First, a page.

If we chose the path of having a frugal wedding just for the sake of being frugal, I know we will have regrets. Unfortunately we do not have the “hook up” when it comes to wedding stuff at a deep discount, so we’re willing to pay for the things that matter. For over a year now we have discussed our ideal wedding and both of our visions revolve around a large gathering of family and friends in a stunning location. We are making decisions together that honor the things we most want to celebrate our relationship.
Our venue was a top priority and we fell in love with the city’s art museum — it is perfect. Since most of our guests will be from out of town (including my fiancé’s international family), we wanted to show them the best of the place where we met and intend to raise a family. Plus, the art museum is also close to our house and we get excited when we pass it (we literally point it out and smile every time we drive by).
The venue was not the most expensive space we toured, but it is not cheap. When we created a pro/con list of the 15 or so places we visited, many of the more “economical” locations had more rules and regulations and needed extensive decorations. And one thing I know about my DIY decoration projects is that they always take more time and are more expensive than I anticipate. It’s worth getting married in an already gorgeous space so I do not have to deal with DIY stress next spring.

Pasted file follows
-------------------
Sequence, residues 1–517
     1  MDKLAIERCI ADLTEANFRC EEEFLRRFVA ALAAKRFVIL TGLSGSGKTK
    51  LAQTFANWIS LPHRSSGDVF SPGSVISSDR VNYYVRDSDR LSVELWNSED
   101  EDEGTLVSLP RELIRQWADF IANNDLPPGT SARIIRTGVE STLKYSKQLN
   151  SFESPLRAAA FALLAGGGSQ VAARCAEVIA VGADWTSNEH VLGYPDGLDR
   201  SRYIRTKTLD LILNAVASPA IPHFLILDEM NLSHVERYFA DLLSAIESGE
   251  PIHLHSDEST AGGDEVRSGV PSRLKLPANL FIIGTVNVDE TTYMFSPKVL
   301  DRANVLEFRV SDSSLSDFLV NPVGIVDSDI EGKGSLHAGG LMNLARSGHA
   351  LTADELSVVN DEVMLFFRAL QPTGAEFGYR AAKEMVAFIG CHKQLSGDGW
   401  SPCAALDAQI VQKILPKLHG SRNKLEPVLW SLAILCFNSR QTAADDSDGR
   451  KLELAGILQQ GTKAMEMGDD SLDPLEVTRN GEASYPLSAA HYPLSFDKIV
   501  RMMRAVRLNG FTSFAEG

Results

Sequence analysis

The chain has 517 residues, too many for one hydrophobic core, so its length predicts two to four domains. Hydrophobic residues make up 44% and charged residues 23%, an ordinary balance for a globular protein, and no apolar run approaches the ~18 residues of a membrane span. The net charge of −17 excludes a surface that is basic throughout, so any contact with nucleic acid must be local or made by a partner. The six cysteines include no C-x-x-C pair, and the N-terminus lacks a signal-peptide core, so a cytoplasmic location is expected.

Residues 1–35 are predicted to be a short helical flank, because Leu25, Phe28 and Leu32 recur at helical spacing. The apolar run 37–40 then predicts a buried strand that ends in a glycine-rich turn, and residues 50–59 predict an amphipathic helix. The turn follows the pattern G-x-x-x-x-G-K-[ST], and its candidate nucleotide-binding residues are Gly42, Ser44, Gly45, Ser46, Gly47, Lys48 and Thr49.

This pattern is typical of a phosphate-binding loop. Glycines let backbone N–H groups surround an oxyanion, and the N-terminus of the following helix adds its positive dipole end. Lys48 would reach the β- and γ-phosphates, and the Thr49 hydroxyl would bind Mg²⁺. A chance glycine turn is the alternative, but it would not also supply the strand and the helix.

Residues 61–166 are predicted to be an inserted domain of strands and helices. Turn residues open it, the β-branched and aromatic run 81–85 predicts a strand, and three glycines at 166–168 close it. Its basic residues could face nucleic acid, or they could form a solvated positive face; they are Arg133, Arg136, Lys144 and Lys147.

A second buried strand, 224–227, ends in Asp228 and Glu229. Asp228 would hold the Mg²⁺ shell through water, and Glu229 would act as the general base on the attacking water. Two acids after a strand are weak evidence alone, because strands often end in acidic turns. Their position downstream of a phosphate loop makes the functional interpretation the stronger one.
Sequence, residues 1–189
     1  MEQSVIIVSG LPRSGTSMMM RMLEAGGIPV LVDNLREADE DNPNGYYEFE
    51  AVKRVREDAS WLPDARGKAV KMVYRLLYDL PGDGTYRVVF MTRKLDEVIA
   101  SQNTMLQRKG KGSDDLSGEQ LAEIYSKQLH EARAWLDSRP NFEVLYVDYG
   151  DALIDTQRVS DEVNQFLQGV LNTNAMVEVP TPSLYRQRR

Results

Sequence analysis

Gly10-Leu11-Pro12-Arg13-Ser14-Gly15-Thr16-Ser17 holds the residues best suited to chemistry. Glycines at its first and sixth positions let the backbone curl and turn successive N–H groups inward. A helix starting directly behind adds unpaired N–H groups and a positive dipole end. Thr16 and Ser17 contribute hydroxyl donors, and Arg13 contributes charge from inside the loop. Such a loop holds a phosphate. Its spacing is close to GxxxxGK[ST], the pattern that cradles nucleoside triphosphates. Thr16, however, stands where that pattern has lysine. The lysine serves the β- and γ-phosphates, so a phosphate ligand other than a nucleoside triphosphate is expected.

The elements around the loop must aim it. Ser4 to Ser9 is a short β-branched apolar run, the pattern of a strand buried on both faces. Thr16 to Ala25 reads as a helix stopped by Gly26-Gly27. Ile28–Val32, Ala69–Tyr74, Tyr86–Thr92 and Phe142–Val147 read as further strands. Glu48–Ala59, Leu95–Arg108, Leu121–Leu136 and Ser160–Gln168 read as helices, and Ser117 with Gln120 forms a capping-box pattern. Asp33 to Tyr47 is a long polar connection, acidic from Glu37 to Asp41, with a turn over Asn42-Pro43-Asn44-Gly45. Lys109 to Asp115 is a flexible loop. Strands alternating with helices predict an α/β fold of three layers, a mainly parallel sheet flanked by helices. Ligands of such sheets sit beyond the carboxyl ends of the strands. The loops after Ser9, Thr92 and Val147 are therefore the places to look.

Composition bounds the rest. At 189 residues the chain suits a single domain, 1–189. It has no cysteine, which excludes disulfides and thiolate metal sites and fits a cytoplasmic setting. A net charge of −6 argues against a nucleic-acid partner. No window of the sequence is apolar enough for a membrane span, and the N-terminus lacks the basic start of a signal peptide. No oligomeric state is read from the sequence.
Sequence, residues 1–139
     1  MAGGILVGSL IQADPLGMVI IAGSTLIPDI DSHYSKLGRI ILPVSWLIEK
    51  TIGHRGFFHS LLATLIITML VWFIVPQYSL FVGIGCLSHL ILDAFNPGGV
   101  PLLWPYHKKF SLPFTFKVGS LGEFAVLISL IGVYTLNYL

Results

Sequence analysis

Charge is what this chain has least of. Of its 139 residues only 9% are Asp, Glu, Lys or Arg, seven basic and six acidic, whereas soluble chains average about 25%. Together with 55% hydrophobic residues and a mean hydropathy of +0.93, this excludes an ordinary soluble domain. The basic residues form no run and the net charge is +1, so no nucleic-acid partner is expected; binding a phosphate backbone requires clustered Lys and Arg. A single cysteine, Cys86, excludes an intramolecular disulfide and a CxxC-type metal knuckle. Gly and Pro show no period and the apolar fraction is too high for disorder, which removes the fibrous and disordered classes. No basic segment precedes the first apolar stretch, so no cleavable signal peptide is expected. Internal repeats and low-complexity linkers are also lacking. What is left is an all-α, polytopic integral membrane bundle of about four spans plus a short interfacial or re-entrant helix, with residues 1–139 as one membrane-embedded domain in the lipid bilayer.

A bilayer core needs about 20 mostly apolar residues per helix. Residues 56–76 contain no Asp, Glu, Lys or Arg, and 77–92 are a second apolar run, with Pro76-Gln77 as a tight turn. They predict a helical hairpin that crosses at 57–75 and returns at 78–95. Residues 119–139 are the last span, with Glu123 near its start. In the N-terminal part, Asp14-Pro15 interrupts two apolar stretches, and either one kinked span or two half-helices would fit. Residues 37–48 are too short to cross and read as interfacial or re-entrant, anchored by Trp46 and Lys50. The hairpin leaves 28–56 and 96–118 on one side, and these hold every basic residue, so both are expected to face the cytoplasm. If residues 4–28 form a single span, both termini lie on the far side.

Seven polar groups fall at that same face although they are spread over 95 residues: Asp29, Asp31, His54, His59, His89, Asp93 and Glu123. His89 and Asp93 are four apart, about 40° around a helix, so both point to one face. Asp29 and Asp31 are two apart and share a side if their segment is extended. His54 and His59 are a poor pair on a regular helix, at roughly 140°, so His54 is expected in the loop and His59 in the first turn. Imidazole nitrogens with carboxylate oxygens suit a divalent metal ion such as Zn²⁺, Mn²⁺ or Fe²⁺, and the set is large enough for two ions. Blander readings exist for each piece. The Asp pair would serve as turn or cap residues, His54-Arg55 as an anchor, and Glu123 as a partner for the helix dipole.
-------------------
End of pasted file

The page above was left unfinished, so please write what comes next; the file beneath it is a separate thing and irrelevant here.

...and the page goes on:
Luckily the museum included a wedding coordinator as part of the package and she has been so accommodating when it comes to our vision and budget. To mitigate the costs, she suggested we end the reception one hour earlier to save on staff and open bar fees. Plus, all guests can view the exhibits during the cocktail hour and reception, so there is no need to pay money for outside entertainment. And with the downtown location it is easier and more cost-effective to arrange for transportation to the venue and to a close bar for an after-party!
This may sound counterintuitive, but there was also a positive side-effect of deciding to have a more extravagant wedding: a sizable savings account. My “Rule #1” for this wedding is NO DEBT. No credit card bills. No loans of any kind. We must be able to afford what we want, or it’s not happening. Aftering deciding to extend our engagement to ensure that we would not be stressed to meet this requirement, we started a joint savings account immediately.
This “no debt” rule lit a fire under us and, at 9 months out, we currently have enough to already cover our part of the expenses. Woo Hoo 🤩! Without the impetus to save, I don’t think we’d even be in five figures yet. The silver living is that our wedding account showed us that it is possible for us to save more aggressively (and continue the savings after the wedding!).